0.5 * Final exam + 0.3 * Home assignment + 0.2 * Interactive lectures
Bibliography

Bibliography

Recommended Core Bibliography

  • Baumann, M., Moniz, A. B., & Weil, M. (2017). Energy storage systems in the future German electricity system: A foresight approach. Retrieved from http://search.ebscohost.com/login.aspx?direct=true&site=eds-live&db=edsrca&AN=rcaap.com.unl.10362.20595
  • BUCKLEY, M., & JAMES, D. (2018). Investing in a Clean Energy Future. Electric Perspectives, 43(6), 42. Retrieved from http://search.ebscohost.com/login.aspx?direct=true&site=eds-live&db=f5h&AN=133147932
  • Dawud Ansari, Franziska Holz, & Hashem al-Kuhlani. (2019). Energy, Climate, and Policy towards 2055: An Interdisciplinary Energy Outlook (DIW-REM Outlook). DIW Berlin, German Institute for Economic Research. Retrieved from http://search.ebscohost.com/login.aspx?direct=true&site=eds-live&db=edsrep&AN=edsrep.b.diw.diwpok.pbk139
  • Fahl, U., Blesl, M., & Voß, A. (2017). Projecting Energy Market Trends until 2030 German Energy Outlook 20095. France, Europe: KIT Scientific Publishing. Retrieved from http://search.ebscohost.com/login.aspx?direct=true&site=eds-live&db=edsbas&AN=edsbas.8A93ABB9
  • Global Water Transfer Megaprojects: A Potential Solution for the Water-Food-Energy Nexus? (2018). Retrieved from http://search.ebscohost.com/login.aspx?direct=true&site=eds-live&db=edsbas&AN=edsbas.F0BE42E6
  • Graham, N. (2019). Canadian Fossil Capitalism, Corporate Strategy, and Post‐Carbon Futures. Canadian Review of Sociology, 56(2), 224–250. https://doi.org/10.1111/cars.12244
  • Hake, J.-F., Kuckshinrichs, W., & Eich, R. (2004). Energy Systems Analysis for Political Decision-Making. Germany, Europe: Forschungszentrum, Zentralbibliothek. Retrieved from http://search.ebscohost.com/login.aspx?direct=true&site=eds-live&db=edsbas&AN=edsbas.D35845E7
  • Proskuryakova, L. (2017). Energy technology foresight in emerging economies. Technological Forecasting and Social Change, (C), 205. Retrieved from http://search.ebscohost.com/login.aspx?direct=true&site=eds-live&db=edsrep&AN=edsrep.a.eee.tefoso.v119y2017icp205.210
  • World energy outlook / IEA, International Energy Agency. (1999). Paris: OECD. Retrieved from http://search.ebscohost.com/login.aspx?direct=true&site=eds-live&db=edswao&AN=edswao.267943040

Recommended Additional Bibliography

  • Chaiyapa, W., Esteban, M., & Kameyama, Y. (2018). Why go green? Discourse analysis of motivations for Thailand’s oil and gas companies to invest in renewable energy. Energy Policy, (C), 448. Retrieved from http://search.ebscohost.com/login.aspx?direct=true&site=eds-live&db=edsrep&AN=edsrep.a.eee.enepol.v120y2018icp448.459
  • Fabian Gotzens, Heidi Heinrichs, Jürgen-Friedrich Hake, & Hans-Josef Allelein. (2018). The influence of continued reductions in renewable energy cost on the European electricity system. Energy Strategy Reviews, (71–81), 71. https://doi.org/10.1016/j.esr.2018.04.007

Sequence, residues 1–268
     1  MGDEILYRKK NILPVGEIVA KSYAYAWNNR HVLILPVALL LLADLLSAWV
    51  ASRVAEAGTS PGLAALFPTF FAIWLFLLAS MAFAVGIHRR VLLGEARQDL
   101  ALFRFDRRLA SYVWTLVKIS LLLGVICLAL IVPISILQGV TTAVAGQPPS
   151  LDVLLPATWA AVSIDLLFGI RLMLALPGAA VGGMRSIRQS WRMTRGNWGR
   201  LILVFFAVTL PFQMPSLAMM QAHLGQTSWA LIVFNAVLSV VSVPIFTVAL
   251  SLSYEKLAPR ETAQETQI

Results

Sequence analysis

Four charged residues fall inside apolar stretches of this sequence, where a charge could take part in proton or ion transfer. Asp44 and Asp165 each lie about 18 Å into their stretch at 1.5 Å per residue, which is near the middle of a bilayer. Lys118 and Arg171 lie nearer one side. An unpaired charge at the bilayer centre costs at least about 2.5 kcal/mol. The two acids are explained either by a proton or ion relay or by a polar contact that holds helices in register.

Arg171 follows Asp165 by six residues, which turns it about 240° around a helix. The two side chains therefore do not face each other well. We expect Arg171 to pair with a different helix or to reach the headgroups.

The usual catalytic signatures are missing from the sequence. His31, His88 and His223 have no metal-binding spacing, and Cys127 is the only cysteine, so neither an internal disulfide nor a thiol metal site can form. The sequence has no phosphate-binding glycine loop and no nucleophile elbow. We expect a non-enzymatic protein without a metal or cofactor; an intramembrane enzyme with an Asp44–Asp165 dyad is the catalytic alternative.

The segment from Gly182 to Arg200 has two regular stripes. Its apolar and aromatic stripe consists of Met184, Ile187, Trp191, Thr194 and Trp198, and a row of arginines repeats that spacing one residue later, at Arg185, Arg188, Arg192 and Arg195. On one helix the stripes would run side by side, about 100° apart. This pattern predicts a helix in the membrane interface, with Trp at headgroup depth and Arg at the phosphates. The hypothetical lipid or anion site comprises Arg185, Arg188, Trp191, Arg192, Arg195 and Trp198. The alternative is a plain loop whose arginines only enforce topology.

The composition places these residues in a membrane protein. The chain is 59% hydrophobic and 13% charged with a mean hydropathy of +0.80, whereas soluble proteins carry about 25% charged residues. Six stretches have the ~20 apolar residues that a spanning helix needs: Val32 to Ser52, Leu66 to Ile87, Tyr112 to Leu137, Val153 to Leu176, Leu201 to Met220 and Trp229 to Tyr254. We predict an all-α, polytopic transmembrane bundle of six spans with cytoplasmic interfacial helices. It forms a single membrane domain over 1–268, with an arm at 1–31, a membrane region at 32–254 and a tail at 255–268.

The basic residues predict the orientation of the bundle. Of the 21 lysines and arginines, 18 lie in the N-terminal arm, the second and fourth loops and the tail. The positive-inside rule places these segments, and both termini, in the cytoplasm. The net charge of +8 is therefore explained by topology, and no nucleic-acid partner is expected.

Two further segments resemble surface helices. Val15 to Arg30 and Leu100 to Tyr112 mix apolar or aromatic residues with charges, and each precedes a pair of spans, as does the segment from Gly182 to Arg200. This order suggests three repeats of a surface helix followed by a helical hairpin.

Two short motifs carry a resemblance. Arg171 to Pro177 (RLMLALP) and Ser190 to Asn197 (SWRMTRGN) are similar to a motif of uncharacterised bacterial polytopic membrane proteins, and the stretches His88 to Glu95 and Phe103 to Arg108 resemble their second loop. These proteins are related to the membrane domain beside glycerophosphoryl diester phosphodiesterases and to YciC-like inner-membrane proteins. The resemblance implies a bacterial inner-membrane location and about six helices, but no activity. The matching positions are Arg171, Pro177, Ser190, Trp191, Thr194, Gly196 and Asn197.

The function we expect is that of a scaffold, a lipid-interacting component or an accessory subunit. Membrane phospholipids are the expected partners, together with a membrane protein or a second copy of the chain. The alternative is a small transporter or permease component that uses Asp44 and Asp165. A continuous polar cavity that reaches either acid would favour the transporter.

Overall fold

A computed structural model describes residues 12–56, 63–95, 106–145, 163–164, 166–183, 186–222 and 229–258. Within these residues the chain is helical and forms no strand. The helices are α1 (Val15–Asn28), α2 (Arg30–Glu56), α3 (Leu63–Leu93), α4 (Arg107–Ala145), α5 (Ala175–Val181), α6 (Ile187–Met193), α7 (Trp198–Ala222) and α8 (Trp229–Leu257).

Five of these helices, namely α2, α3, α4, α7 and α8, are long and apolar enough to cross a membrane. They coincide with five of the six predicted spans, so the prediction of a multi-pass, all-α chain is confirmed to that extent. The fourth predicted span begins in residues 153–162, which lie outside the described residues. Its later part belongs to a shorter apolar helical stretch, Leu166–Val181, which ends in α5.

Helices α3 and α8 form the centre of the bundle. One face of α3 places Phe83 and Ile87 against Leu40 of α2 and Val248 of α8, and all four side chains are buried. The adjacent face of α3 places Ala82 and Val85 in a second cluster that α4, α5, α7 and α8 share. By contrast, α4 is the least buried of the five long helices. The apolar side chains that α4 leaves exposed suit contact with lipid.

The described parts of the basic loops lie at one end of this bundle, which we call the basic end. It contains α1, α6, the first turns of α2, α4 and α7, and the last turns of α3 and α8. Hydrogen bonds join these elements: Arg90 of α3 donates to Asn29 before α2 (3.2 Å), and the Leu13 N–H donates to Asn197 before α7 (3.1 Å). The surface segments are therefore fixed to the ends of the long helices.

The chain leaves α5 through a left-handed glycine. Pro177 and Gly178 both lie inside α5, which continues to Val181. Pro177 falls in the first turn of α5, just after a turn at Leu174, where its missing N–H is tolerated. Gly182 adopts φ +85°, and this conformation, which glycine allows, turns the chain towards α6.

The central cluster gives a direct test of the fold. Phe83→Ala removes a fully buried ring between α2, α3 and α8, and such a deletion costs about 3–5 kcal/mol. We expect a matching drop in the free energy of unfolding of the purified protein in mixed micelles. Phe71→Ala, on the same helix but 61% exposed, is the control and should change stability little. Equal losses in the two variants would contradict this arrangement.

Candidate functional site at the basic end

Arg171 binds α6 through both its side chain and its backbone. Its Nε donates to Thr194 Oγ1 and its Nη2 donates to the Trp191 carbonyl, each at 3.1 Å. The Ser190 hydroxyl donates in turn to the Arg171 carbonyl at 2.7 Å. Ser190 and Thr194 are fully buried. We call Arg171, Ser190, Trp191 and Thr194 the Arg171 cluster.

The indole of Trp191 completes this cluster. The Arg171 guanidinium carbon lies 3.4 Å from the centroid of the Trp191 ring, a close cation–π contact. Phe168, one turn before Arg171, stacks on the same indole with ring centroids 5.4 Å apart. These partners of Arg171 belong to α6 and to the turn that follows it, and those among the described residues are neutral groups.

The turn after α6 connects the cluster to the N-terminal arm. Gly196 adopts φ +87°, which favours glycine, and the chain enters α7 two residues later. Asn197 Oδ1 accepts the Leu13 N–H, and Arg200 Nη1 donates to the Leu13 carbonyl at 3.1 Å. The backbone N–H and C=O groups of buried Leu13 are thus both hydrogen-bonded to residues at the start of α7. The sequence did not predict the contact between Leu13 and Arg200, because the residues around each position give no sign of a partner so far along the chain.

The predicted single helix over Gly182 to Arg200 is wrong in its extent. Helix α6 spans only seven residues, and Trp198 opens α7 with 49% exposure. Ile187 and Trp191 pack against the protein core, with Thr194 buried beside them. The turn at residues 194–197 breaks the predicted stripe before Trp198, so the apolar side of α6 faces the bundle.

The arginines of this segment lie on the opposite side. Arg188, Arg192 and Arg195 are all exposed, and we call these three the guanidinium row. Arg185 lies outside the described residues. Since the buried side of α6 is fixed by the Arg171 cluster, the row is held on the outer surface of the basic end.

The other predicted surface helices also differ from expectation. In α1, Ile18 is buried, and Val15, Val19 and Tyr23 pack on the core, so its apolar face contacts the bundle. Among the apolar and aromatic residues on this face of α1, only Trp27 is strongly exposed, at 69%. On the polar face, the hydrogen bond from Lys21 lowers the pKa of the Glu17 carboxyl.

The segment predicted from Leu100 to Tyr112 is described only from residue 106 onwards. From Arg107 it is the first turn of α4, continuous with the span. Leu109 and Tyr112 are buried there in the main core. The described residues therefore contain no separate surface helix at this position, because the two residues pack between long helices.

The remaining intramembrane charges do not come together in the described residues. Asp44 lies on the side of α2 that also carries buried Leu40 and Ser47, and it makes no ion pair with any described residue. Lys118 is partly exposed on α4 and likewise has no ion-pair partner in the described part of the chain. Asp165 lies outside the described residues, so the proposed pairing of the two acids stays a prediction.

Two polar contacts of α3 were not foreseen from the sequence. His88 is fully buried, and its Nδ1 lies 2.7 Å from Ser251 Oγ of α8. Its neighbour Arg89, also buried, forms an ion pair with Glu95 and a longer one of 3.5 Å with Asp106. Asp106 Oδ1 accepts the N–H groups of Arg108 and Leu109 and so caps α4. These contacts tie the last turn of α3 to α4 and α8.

• Global energy foresight: Trends and main drivers of the future energy system. (2013). Retrieved from http://search.ebscohost.com/login.aspx?direct=true&site=eds-live&db=edsbas&AN=edsbas.9176F441
  • Impact of the decarbonisation of the energy system on employment in Europe [Elektronische Ressource] / Arno Behrens ... Centre for European Policy Studies. (2014). Brussels. Retrieved from http://search.ebscohost.com/login.aspx?direct=true&site=eds-live&db=edswao&AN=edswao.444944001
  • John Wiseman, Stephanie Campbell, & Fergus Green. (2017). Prospects for a “just transition” away from coal-fired power generation in Australia: Learning from the closure of the Hazelwood Power Station. CCEP Working Papers. Retrieved from http://search.ebscohost.com/login.aspx?direct=true&site=eds-live&db=edsrep&AN=edsrep.p.een.ccepwp.1708
  • Jungwoo Lee, & Jae-Suk Yang. (2018). Government R&D investment decision-making in the energy sector: LCOE foresight model reveals what regression analysis cannot. Energy Strategy Reviews, (1–15), 1. https://doi.org/10.1016/j.esr.2018.04.003
  • Mujtaba, I. M., Srinivasan, R., & Elbashir, N. O. (2017). The Water-Food-Energy Nexus : Processes, Technologies, and Challenges (Vol. 1). [N.p.]: CRC Press. Retrieved from http://search.ebscohost.com/login.aspx?direct=true&site=eds-live&db=edsebk&AN=1592128
  • Proskuryakova, L., & Filippov, S. (2015). Energy Technology Foresight 2030 in Russia: An Outlook for Safer and More Efficient Energy Future. Retrieved from http://search.ebscohost.com/login.aspx?direct=true&site=eds-live&db=edsbas&AN=edsbas.B29560B4
  • Sergey Filippov. (2018). New Technological Revolution and Energy Requirements. Foresight and STI Governance (Foresight-Russia till No. 3/2015), (4), 20. Retrieved from http://search.ebscohost.com/login.aspx?direct=true&site=eds-live&db=edsrep&AN=edsrep.a.hig.fsight.v12y2018i4p20.33
  • Sreekanth, K. J. (2018). Energy Policy: Perspectives, Challenges and Future Directions. [New York, NY]: Nova. Retrieved from http://search.ebscohost.com/login.aspx?direct=true&site=eds-live&db=edsebk&AN=1855253